This article needs additional citations for verification. (December 2016) (Learn how and when to remove this template message)
After the acceptance of Christianity the bies became identified with the devil, corresponding to the being referred to in Ancient Greek, as either daimon (δαίμων), daimónion or pneuma (πνεῦμα). For example, biesy (Russian plural of bies) is used in the standard Russian translation of Mark 5:12, where we have the devils entering the swine in KJV. Compare to the Ukrainian bisy (used always in plural) or bisytysia (to go mad).
Examples in culture
- In Alexander Pushkin's The Tale of the Priest and of His Workman Balda, there is a scene in which Balda has to force the "devils" (черти, Cherti) of the sea to pay an ancient rent, and interacts with an "Old Bies" who is their leader and his grandson.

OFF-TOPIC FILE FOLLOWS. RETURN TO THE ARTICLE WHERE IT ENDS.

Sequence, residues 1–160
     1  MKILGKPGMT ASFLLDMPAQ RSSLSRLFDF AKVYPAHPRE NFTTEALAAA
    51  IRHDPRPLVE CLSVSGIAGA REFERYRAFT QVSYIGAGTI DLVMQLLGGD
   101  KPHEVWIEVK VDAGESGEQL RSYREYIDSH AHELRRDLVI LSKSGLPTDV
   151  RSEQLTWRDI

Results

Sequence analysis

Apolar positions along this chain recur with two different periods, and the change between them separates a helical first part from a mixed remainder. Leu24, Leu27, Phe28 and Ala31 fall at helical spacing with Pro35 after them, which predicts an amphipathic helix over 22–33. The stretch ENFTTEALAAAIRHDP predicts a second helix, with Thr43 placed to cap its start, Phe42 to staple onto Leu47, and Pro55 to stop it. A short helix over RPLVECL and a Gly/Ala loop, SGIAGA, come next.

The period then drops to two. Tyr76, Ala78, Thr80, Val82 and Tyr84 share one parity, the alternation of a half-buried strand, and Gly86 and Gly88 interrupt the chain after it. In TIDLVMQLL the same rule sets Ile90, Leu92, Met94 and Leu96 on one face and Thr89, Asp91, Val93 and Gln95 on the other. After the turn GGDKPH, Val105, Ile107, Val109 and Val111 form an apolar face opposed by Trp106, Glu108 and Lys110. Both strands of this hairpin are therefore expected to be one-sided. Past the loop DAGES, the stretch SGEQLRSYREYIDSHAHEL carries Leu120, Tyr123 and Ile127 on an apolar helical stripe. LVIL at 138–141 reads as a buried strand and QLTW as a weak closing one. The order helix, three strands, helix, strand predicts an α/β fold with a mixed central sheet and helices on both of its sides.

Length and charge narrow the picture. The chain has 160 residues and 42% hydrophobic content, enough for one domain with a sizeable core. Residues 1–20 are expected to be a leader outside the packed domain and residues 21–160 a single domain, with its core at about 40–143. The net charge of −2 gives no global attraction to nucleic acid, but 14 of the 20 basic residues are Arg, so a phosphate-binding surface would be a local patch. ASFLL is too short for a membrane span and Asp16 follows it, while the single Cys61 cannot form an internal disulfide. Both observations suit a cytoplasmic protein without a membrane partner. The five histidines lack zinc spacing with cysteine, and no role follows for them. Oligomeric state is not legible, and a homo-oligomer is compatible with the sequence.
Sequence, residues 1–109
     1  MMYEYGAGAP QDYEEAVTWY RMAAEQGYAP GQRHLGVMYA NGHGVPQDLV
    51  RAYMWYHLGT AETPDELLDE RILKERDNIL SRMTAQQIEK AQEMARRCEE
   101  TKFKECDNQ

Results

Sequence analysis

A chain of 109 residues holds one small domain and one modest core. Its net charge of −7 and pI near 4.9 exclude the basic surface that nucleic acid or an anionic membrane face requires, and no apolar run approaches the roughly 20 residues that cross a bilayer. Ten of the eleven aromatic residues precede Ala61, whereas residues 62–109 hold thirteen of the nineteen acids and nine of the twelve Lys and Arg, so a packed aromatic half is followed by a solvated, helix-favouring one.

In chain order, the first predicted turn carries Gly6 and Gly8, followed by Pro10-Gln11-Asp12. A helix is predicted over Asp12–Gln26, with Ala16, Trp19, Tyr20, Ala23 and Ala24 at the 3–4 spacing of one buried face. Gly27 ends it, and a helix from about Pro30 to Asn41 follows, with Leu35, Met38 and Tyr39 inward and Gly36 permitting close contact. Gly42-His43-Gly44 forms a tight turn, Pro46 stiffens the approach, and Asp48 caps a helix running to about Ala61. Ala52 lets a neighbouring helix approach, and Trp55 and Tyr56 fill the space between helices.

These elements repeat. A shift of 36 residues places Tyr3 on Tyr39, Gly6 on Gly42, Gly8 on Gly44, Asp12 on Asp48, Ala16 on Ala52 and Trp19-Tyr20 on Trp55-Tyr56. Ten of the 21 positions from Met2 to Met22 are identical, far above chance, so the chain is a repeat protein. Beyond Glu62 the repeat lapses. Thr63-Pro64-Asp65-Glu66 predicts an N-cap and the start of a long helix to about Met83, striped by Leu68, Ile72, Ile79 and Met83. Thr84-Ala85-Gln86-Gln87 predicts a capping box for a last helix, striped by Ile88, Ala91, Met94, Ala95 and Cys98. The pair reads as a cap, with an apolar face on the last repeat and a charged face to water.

- The original Russian title of Fyodor Dostoevsky's novel known in its English translation as The Possessed is Besy (Бесы) (Russian plural of bes), i.e., more literally, The Evil Spirits.
- The Black Tapes
- In the 2016 videogame The Witcher 3: Wild Hunt, fiends (called bies in the original version) are massive horned predators who possess hypnotic and self-healing powers.
|This article relating to a European myth or legend is a stub. You can help Wikipedia by expanding it.|